Julian Treasure, in his famous TED talk on “How to speak so that people want to listen”, opens with the following statement:
The human voice: It’s the instrument we all play. It’s the most powerful sound in the world, probably. It’s the only one that can start a war or say “I love you.” And yet many people have the experience that when they speak, people don’t listen to them. And why is that? How can we speak powerfully to make change in the world?
First of all, he had me at hello with that opening. And he then gives us many pearls of wisdom in this remarkable 10-minute talk on how to use your speaking voice intelligently and successfully. You can hear his talk here:
But I’d like to take this notion a step further, into figurative territory that’s relevant to advertising. Not that we don’t use our speaking voices in advertising quite a bit in presentations and talks, but I want to talk about a brand’s voice and how we can “speak into people’s listening”.
“Speaking into people’s listening.” That beautiful expression says so much in four words. It implies that one is not only listening, but also hearing accurately what the audience is truly wanting. It implies an understanding of what the audience is inherently receptive to, and speaking only into that space. Here is a sensational piece of video content from Volvo, which hit every relevant button in the target audience squarely on the head:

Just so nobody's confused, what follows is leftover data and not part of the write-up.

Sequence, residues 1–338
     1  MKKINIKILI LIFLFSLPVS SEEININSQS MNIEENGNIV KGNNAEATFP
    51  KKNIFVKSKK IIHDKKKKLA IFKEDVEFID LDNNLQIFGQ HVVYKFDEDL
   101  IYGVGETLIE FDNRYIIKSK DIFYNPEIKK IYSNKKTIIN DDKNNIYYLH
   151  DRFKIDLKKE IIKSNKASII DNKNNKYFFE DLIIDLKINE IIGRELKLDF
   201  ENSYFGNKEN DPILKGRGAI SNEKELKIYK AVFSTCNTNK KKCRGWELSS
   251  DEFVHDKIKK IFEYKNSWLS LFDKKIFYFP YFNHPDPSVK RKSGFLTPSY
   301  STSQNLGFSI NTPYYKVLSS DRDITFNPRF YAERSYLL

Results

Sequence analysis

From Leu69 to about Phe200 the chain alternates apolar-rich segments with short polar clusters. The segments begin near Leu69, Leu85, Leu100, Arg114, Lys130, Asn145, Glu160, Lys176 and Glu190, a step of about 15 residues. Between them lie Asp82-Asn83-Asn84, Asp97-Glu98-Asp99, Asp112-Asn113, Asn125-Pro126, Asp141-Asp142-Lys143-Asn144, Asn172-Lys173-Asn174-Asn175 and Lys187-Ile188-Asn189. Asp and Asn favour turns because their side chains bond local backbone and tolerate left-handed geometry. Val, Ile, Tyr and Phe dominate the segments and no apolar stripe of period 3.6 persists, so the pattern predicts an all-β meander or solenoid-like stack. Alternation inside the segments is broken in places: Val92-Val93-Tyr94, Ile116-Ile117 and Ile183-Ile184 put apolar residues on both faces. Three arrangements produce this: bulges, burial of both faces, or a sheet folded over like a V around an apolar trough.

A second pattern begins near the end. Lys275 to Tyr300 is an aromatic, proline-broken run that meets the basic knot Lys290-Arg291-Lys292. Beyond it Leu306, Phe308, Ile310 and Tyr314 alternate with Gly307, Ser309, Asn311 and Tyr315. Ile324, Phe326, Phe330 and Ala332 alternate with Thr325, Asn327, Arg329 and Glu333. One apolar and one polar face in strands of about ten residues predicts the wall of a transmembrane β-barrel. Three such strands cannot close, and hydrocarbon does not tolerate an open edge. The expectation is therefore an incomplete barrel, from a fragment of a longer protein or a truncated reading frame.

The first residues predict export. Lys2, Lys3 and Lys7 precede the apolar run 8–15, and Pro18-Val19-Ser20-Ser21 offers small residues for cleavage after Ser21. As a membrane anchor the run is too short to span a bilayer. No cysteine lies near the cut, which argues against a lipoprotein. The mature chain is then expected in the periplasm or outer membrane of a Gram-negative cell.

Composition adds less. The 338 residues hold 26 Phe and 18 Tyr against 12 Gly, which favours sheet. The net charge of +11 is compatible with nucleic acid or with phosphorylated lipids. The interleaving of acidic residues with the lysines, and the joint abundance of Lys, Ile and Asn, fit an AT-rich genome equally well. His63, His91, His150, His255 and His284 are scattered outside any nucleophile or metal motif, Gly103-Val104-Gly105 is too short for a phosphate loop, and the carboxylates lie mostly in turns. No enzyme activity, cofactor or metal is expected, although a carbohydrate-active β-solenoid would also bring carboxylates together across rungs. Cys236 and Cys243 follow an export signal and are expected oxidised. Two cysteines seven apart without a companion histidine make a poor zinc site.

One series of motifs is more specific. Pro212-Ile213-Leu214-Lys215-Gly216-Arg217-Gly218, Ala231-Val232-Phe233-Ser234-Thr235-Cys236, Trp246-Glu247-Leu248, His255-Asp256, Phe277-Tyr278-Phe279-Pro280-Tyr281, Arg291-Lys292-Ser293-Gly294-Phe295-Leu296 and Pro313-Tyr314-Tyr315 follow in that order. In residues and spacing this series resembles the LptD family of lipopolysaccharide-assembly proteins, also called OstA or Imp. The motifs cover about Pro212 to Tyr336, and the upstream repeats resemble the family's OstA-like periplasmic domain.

The brand promise of Volvo, as everyone knows, is about Safety. Volvo effectively owns that space. And the claim from the Volvo FMX truckis about being “the toughest truck we’ve ever built.” Using four-year-old Sophie to drive the truck from a safe distance, is hilarious and thrilling, and it combines “safety” and “toughness” in the most brilliant way. Volvo’s voice speaks into people’s listening when they communicate like this. And who doesn’t have a four-year-old inside them who is just like Sophie? I sure do.
Compare this to the average bank ad, or just about any car ad at the cinema, and pretty much every political campaign ad you’ve ever seen. They’re almost never speaking into our listening, and seem to be relying on huge media buys to carpet bomb our minds.
You can tell when you see an ad or a campaign that is presumably aimed at you as a target audience, whether the advertiser (and their agency) are speaking into your listening. Are they indicating an understanding of what keeps you up at night or what inspires you or what is a simple but frequent problem in your life to which you could use a solution? Do they know what you think is funny? What you genuinely find moving? Or are they simply telling you things they want you to know, but you don’t care to hear?